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Session A5: Alternative Sensors for Aiding INSs and Precision Timing

Coarse Geo-Registration Over A Large Area
Sean Lantto, West Virginia University; Clark Taylor, Don Venable, Air Force Research Laboratory; Jason Gross, West Virginia University
Location: Big Sur

Many aircraft use a coupled inertial navigation and GNSS system to provide a attitude, position, and velocity estimates. The measurements from the inertial navigation system (INS) suffer from an unbounded error, that accumulates over time. This ”drift” is corrected using measurements from the GNSS, integrated through a Bayesian estimator such as a Kalman filter [1]. An aircraft that has been denied GNSS positioning for an extend period will suffer from a very large error in its position, due to the INS drift. Cameras on board the aircraft provide a method to localize the aircraft and correct for INS drift, and methods to do so have been developed [2,3,4]. This work presents a georegistration based approach to localize an aircraft within a large geographic region using a particle filter, where a large geographical region is defined as hundreds to thousands of square kilometers. This is done using a database of georegistered Scale Invariant Feature Transform (SIFT) features from orthorectified or satellite imagery, and matching them to features in the query image from the aircraft. These feature matches are used as the observables for the measurement update of the particle filter.
Each one of these SIFT features in the georegistered database are given a descriptor, which is useful for sorting the database; as well as a WGS-84 location. The WGS-84 location is determined using image geographic metadata and a digital elevation model (DEM). For this work, the database of SIFT features is created using orthorectified imagery of Dugway Proving Grounds (a ~60x60 km area), and the DEM is from the Shuttle Radar Topography Mission (SRTM). The SIFT features are generated using the OpenCV python library[7], and the database is sorted by the SIFT feature descriptor response value.
SIFT features are generated for each image taken by the aircraft, and are sorted by the descriptor response value, just as the database features were. The Fast lookup for Approximation of Nearest Neighbor (FLANN) [8] matching algorithm is used to compare each SIFT feature generated in the query image to every feature in the database. This returns a list of the nearest neighbors, or the database features closest in appearance to the query image feature being compared against. Using the L2 norm of the difference between the query image feature and the two nearest database features gives a distance between each neighbor. Taking the complement of the ratio of these distances, creates a weight that is assigned to the database feature that is the closest in appearance to the query image feature. These weighted georegistered database features are saved for each image, and are used as the observations in the measurement model of the particle filter. Unfortunately the feature matching process results in a large number of false positives, as the features from the confined query image are compared against the entire large search area. A particle filter is chosen to reduce the impact of false positives that result from the feature matching process. The particle filter initializes with a uniform particle distribution over the entire geographic region. Each particle has a center WGS-84 location and a radius, which corresponds to the location and field of view respectively.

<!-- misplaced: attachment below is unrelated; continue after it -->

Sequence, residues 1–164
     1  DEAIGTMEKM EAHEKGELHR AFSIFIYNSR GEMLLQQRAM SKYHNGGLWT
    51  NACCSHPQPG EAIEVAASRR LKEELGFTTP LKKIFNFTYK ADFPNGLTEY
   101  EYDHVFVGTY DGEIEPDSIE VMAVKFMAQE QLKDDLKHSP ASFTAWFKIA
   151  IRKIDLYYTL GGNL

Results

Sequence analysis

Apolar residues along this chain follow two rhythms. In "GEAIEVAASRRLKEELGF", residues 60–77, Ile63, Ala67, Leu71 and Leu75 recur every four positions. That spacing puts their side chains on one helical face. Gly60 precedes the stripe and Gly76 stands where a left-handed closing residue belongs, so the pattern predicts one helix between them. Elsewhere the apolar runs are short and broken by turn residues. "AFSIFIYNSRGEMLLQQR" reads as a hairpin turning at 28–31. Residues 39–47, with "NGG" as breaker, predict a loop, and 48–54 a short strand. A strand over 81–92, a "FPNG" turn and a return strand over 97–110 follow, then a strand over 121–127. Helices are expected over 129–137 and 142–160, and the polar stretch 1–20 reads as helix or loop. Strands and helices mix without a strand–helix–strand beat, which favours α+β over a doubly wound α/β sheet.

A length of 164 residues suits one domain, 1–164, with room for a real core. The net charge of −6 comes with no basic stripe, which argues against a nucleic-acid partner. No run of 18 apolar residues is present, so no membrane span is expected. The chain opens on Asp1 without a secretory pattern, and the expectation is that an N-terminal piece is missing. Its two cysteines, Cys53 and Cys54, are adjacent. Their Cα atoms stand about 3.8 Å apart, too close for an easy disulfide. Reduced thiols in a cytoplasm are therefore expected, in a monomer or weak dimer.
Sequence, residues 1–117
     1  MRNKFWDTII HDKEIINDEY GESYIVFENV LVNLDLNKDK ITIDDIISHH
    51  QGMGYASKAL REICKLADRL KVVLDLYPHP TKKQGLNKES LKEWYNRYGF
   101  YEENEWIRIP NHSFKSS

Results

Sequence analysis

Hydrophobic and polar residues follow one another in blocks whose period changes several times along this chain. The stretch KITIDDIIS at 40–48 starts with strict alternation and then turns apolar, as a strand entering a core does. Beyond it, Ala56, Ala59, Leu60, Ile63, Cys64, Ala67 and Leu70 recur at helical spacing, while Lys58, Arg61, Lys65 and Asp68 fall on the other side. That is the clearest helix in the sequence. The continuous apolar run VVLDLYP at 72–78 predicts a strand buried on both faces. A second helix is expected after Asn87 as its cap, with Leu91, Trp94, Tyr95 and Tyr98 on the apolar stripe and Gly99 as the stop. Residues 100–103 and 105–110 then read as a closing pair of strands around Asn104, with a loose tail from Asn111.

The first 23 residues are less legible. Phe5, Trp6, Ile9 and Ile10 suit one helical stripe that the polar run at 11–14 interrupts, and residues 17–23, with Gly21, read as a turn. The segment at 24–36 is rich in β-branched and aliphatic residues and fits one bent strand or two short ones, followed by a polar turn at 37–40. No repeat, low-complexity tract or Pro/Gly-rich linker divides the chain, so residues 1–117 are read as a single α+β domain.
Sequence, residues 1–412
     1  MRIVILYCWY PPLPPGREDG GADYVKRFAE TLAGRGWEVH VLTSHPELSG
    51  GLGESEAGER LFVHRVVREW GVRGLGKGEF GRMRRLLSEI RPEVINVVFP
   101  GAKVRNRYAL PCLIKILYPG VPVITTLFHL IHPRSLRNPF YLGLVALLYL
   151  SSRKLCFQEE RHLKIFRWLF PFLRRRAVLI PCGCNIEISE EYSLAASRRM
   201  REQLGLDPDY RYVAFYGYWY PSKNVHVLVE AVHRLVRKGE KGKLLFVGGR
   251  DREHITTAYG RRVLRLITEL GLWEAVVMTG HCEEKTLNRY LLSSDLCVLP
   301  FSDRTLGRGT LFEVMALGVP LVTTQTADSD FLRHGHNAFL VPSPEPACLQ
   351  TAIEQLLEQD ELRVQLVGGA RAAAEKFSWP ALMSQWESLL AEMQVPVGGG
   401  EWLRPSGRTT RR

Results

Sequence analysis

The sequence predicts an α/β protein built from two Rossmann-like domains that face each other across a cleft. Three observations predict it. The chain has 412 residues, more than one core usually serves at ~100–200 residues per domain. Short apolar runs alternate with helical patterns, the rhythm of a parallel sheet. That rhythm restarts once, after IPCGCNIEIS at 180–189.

Particle radius is allowed to vary between 25 meters and 1000 meters. Each particle is propagated between images using the measurements from the aircraft’s INS. The estimated position is a weighted average of the particle centers. Each particle is weighted based on the weights of the database features found within it and the radius of the particle.
During resampling some of the particles are redistributed uniformly across the search area. This is to allow the particle filter to find the correct observations in the case of convergence on false positive feature matches. The number of particles that are redistributed is a percentage of the number of elapsed images since the last resample. Using flight data and imagery from Dugway Proving Grounds, the particle filter was able to successfully estimate the aircraft’s location. Due to having no prior knowledge of the aircraft’s location, and the uniform particle distribution, the initial error in the estimated location is very large until the filter converges. Unfortunately, the first part of the flight (from t=0s to t= 600s)produced few features, and few good matches, also contributing to the large initial error. This method could also be applied to aerial full motion video data, that has unreliable metadata. Moving forward, changes to the particle filter will be made to include altitude, velocity, and heading states. The filter will also be changed to include the feature matching process, “on the fly”, where instead of determining the matches across the search area prior to running the filter, the features will be matched just prior to the measurement update, and will only search for matches in the area defined by the particles. This will be more similar to in flight operation, and once the particles converge be computationally efficient, as it no longer has to compare the query image features to every other feature in the entire search area. Use of an algorithm such as RANSAC will be investigated for forming homographies (pattern matching) to further reduce
the impact of false positives.
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